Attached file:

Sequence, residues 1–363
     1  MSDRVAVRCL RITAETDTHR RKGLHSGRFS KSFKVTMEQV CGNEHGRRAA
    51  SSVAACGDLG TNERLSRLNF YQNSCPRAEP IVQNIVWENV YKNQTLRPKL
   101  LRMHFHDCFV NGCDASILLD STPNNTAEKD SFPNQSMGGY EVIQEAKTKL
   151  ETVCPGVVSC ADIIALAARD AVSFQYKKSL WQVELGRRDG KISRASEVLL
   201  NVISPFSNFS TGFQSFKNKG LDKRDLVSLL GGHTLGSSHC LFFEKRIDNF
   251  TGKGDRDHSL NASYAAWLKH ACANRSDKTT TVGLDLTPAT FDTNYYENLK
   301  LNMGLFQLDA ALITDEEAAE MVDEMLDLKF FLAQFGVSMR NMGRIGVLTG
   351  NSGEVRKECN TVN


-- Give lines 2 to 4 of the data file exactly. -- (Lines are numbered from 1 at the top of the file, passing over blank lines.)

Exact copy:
     1  MSDRVAVRCL RITAETDTHR RKGLHSGRFS KSFKVTMEQV CGNEHGRRAA
    51  SSVAACGDLG TNERLSRLNF YQNSCPRAEP IVQNIVWENV YKNQTLRPKL
   101  LRMHFHDCFV NGCDASILLD STPNNTAEKD SFPNQSMGGY EVIQEAKTKL